> > struct msg
> > {
> > char p1[30];
> > char *p2;
> > } myptrs;
> >
> > strcpy(myptrs.p1, "Wonderful day");
> > strcpy(myptrs.p2, "Beautiful Day");
> >
> > puts(myptrs.p1);
> > puts(myptrs.p2);
> > return 0;
> > }
> >
> > I have no idea how come the second one executes alright..
> >

> To dereference and otherwise try to access the memory pointed
> by an uninitialized pointer is Undefined Behaviour. Undefined
> Behaviour includes behaving (apparently) correctly.
>
> On some facetious platforms, such as the DS9k, it also includes
> systematically behaving the opposite of what the user expects.
> I know. This is very advances technology (able of mind reading,
> etc), which the world isn't ready for. That's why you only find
> DS9ks in Area 51...


You are leaving the OP even more confused. Not only do the
pointers imsip and myptrs.p2 need to be initialized, they have to
be initialized to point to sufficient memory to hold the strings
to be copied into them (which is at least one greater than the
length of such string). The usual method is via "ptr =
malloc(sizeneeded);" and checking the result is non NULL. However
the space need not be allocated by malloc, it may be function
scope or file scope declared arrays (usually called local or
global). The difference is how to release that memory later.

To the OP: The second one DOES NOT execute alright, it only
appears that way on your particular system. One possibility for
undefined behavior is to apparently succeed.

--
Chuck F ((E-Mail Removed)) ((E-Mail Removed))
Available for consulting/temporary embedded and systems.
<http://cbfalconer.home.att.net> USE worldnet address!


 
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Mac
Guest
Posts: n/a
 
      09-30-2003
On Mon, 29 Sep 2003 13:37:01 +0000, John Roussos wrote:

> "herrcho" <(E-Mail Removed)> wrote in message news:<bl9f6c$b85
> ...
>> But the below one executes alright..
>>
>> #include <stdio.h>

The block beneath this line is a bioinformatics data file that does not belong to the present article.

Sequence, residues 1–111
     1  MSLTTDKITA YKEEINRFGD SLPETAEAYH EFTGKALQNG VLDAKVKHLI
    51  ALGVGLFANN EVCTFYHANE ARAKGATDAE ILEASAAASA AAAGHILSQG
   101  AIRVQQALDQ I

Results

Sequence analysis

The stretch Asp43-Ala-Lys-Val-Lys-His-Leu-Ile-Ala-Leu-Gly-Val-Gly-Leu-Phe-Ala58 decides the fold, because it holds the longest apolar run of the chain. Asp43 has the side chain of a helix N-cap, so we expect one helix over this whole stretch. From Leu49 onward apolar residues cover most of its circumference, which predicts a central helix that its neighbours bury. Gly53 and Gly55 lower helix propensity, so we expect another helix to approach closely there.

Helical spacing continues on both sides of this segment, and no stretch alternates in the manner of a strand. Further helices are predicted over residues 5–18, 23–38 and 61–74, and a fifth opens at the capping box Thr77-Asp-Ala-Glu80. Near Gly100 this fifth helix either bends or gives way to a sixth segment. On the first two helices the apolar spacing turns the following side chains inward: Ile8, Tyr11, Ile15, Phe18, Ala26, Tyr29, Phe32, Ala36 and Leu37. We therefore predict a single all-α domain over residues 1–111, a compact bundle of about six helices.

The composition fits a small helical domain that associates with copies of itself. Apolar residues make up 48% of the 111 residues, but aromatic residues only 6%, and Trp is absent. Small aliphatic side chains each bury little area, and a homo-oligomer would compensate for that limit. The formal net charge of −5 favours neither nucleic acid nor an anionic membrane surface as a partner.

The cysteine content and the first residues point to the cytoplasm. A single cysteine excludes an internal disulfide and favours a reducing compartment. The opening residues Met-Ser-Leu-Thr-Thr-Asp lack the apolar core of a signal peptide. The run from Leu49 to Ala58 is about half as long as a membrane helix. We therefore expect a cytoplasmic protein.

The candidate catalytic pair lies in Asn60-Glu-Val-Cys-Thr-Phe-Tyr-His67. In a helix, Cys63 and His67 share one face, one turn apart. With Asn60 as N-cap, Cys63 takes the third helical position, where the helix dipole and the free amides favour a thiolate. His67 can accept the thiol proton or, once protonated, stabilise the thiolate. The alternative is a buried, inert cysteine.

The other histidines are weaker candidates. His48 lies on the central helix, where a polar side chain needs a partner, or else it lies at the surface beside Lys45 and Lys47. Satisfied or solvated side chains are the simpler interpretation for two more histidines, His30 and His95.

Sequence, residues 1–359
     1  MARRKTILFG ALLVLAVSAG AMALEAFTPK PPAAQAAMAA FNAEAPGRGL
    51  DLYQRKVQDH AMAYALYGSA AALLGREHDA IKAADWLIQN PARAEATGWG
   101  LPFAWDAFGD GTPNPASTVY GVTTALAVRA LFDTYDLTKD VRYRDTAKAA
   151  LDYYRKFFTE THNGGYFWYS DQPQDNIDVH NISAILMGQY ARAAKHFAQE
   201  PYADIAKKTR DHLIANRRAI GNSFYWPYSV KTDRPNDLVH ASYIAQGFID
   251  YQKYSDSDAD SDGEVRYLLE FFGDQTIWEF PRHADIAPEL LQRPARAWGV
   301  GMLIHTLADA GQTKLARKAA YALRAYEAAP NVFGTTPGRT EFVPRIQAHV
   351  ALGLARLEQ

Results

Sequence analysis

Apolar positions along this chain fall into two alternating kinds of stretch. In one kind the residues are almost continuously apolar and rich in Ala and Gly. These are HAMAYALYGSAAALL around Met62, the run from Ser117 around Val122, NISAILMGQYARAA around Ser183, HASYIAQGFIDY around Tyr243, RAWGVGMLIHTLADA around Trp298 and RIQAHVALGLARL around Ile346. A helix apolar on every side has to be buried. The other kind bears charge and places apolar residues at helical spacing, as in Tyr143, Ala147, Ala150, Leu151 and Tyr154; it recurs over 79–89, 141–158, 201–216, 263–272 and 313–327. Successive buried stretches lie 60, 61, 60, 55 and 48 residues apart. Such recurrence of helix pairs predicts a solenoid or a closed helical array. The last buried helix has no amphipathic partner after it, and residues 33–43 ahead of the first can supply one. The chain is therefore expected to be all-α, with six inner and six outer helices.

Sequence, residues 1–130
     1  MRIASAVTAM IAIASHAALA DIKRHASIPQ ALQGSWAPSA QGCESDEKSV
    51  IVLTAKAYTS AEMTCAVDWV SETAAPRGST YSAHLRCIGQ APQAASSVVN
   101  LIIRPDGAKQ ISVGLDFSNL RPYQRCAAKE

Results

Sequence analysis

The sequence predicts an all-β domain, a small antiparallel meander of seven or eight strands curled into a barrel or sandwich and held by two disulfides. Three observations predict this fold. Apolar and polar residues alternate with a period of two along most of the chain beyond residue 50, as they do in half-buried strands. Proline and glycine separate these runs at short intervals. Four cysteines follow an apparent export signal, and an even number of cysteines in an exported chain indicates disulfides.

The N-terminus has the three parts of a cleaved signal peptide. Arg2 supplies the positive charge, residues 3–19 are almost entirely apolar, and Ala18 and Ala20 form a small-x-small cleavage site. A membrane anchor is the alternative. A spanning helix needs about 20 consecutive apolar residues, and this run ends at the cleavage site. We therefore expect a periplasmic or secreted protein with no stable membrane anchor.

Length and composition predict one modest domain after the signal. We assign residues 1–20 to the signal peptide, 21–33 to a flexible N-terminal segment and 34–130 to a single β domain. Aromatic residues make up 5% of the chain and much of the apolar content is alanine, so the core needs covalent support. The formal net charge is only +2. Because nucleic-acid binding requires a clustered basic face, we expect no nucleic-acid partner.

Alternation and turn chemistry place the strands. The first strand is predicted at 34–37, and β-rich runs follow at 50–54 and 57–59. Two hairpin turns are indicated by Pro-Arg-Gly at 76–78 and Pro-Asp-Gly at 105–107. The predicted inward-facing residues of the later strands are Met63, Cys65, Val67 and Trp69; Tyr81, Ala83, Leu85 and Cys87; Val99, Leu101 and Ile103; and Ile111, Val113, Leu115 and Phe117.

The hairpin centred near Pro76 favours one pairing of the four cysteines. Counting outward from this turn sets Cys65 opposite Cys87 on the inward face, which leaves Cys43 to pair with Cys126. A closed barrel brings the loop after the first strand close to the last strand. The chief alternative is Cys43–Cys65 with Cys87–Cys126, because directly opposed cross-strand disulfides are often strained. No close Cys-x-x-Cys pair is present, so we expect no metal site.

>> #include <string.h>
>>
>> int main()
>> {
>> struct msg
>> {
>> char p1[30];
>> char *p2;
>> } myptrs;
>>
>> strcpy(myptrs.p1, "Wonderful day");
>> strcpy(myptrs.p2, "Beautiful Day");
>>
>> puts(myptrs.p1);
>> puts(myptrs.p2);
>> return 0;
>> }
>>
>> I have no idea how come the second one executes alright..
>>
>> Thanks in advance..

>
> Pointer p2 uses allocated memory from p1.


What gives you that idea? It has already been pointed out that the code
invokes Undefined Behavior (UB) so why do you try to rationalize what is
happening?

Or, better yet, what section in the standard makes you think that myptrs.p2
points just beyond myptrs.p1 in this code?

> Try 2 bigger strings and you'll see that they overlap...
> e.g.
> strcpy(myptrs.p1, "Wonderful day ...bla...bla...bla...");
> strcpy(myptrs.p2, "Beautiful Day ...bla...bla...bla...");
> printf("%s\n",myptrs.p1);
> printf("%s\n",myptrs.p2);


Mac
--
 
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Victor
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Posts: n/a
 
      10-01-2003
The unitialized (by you) pointers will, nevertheless, have some
initial value. For whatever reason, in the first code snippet, imsip
has a value that causes a memory violation. In the second example,
myptrs.p2 falls within the valid memory range for the process. You
should try printing out the values of the unitialized pointers and
verify that they are "initialized" to different values.

This is an excellent example of undefined behaviour.

"herrcho" <(E-Mail Removed)> wrote in message news:<bl9f6c$b85$(E-Mail Removed)>...
> #include <stdio.h>
> #include <string.h>
>
> int main()
> {
> char *imsip;
>
> strcpy(imsip, "archie");
> return 0;
> }
>
> the above code causes error which i expected.. as the object imsip is
> not initalized.
> But the below one executes alright..
>
> #include <stdio.h>
> #include <string.h>
>
> int main()
> {
> struct msg
> {
> char p1[30];
> char *p2;
> } myptrs;
>
> strcpy(myptrs.p1, "Wonderful day");
> strcpy(myptrs.p2, "Beautiful Day");
>
> puts(myptrs.p1);
> puts(myptrs.p2);
> return 0;
> }
>
> I have no idea how come the second one executes alright..
>
> Thanks in advance..

 
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Mike Wahler
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Posts: n/a
 
      10-01-2003
"Victor" <(E-Mail Removed)> wrote in message
news:(E-Mail Removed) om...
> The unitialized (by you) pointers will, nevertheless, have some
> initial value.


No, not from the language perspective they don't.

> For whatever reason, in the first code snippet, imsip
> has a value that causes a memory violation.


Yes, this is a concrete example of one of
theoretically infinite possiblities.

>In the second example,
> myptrs.p2 falls within the valid memory range for the process. You
> should try printing out the values of the unitialized pointers and
> verify that they are "initialized" to different values.


Evaluating an uninitialized object produces undefined
behavior. The results *cannot* be used to draw
*any* conclusions. They verify nothing. (e.g. the result
could vary every time, even on the same system).


>
> This is an excellent example of undefined behaviour.


Sure is.

-Mike